In light of New Corps launch of their first all digital publication ‘The Daily‘, industry pundits have panned it across the board. Many feel it is too expensive an experiment. After all $30 million to launch an iPad based newspaper seems rather extreme. Once you factor in the a year’s worth overhead costs for journalists and media, the price balloons to over $50 million.
The price of each publication seems to all so be a sticking point. At $1 a week or $49 a year, will internet users accustomed to free news sites and blogs cough up the money for premium content? Rival publications are already referring to digital publication as a gimmick, after a while the allure of a shiny new app with video content will wear off. What then?
To staff The Daily, Rupert Murdoch and Co. have gone out and hired an army of 100 seasoned journalist to crank out timely posts rich with multi-media elements. They’ve invested heavily in iPad app that offers an interactive magazine experience, with rich photos, streaming video, and even Twitter integration. All this for just 14 cents a day. You have to wonder how they plan to turn a profit on the thing.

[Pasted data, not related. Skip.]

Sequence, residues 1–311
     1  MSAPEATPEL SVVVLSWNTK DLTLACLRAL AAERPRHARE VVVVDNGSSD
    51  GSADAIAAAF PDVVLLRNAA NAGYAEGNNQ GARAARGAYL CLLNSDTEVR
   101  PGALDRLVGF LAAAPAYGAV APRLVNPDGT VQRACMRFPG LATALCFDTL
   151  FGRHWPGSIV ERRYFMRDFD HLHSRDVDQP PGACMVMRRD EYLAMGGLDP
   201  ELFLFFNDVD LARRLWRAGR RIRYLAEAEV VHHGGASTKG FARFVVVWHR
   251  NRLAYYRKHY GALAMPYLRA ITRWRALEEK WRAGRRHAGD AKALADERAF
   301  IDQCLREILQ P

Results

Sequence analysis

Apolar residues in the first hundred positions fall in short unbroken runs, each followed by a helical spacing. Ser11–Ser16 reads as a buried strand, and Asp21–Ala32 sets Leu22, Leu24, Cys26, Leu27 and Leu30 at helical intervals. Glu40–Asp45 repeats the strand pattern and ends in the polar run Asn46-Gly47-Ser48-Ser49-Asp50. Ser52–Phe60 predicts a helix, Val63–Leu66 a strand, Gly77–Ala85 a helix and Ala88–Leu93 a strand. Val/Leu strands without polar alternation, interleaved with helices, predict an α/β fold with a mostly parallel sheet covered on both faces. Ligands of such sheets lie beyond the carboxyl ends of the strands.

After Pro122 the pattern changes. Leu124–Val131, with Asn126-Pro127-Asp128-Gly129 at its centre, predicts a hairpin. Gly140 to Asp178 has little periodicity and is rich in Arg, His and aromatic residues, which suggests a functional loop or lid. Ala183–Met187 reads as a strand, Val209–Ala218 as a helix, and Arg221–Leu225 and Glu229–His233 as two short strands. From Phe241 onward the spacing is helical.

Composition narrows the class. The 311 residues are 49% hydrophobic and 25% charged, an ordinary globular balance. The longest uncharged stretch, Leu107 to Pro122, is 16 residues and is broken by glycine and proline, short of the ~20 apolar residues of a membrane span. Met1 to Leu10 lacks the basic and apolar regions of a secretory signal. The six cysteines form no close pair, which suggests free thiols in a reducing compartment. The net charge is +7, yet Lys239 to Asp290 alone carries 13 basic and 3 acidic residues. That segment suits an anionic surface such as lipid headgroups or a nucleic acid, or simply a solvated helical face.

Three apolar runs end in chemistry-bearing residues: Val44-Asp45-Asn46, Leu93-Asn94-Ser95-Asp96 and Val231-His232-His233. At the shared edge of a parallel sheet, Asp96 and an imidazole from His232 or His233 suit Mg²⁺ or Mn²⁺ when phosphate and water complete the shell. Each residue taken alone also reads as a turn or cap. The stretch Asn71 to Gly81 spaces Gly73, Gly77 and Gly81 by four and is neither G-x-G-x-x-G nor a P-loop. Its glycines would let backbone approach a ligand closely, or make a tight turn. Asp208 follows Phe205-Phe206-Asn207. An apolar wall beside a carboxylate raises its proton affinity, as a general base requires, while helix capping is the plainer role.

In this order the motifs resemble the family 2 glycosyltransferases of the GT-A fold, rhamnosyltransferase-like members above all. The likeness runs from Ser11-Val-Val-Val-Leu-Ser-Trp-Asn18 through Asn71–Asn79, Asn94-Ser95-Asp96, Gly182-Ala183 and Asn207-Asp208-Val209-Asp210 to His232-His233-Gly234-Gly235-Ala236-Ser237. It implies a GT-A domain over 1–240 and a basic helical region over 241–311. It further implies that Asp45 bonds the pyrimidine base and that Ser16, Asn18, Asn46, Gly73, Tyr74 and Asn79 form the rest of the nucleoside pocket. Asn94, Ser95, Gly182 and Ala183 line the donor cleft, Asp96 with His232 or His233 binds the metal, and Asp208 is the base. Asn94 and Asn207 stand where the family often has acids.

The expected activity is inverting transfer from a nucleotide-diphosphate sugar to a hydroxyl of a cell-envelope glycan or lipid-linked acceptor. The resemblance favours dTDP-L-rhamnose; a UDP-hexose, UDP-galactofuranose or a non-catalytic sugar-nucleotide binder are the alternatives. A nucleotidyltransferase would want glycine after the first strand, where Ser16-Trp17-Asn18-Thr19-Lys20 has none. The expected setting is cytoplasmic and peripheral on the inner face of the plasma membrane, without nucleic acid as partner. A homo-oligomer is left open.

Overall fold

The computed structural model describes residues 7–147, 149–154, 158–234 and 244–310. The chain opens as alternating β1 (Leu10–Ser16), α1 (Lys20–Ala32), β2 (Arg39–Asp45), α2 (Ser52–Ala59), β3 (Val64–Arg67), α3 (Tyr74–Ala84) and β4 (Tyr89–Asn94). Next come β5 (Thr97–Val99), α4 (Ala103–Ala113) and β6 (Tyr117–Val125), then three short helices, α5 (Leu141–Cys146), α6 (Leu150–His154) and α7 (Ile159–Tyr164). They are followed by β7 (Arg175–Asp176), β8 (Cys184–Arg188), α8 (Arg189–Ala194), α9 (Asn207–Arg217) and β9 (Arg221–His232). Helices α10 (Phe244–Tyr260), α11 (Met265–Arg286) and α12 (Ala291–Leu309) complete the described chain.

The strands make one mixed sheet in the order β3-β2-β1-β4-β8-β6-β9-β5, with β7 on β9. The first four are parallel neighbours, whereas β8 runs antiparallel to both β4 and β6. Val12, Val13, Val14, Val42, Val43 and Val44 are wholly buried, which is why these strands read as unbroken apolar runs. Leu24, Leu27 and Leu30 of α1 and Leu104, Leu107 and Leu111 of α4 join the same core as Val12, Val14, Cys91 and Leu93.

Advertising is one of the means by which they plan to break even. But you have to wonder how long people will put up with advertising in a paid app. The internet has trained us to accept the freemium business model. Free versions of a product has ads to compensate for the cost, while paid products are ad free.
If we step back for a second and stop viewing ‘The Daily’ as an iPad app and more as a startup newspaper, the $30 million investment starts to make more sense. In comparison to the Flipboard iPad app the raised $10 million dollars in funding to basicall wrap content in pretty skin, News Corps spending looks a little more sensible.
When you look further back at old media mergers and acquisitions by News Corp, The Daily looks cheap in comparison. They paid over $1 billion dollars for the Boston Globe News Paper and $5 billion dollars for The Dow Jones Media empire.
With this early investment in The Daily, News Corp will have full creative control over what is essentially an internet startup for the tablet age. To Rupert Murdoch $30 million is a small price to pay to be at the forefront of digital publishing.
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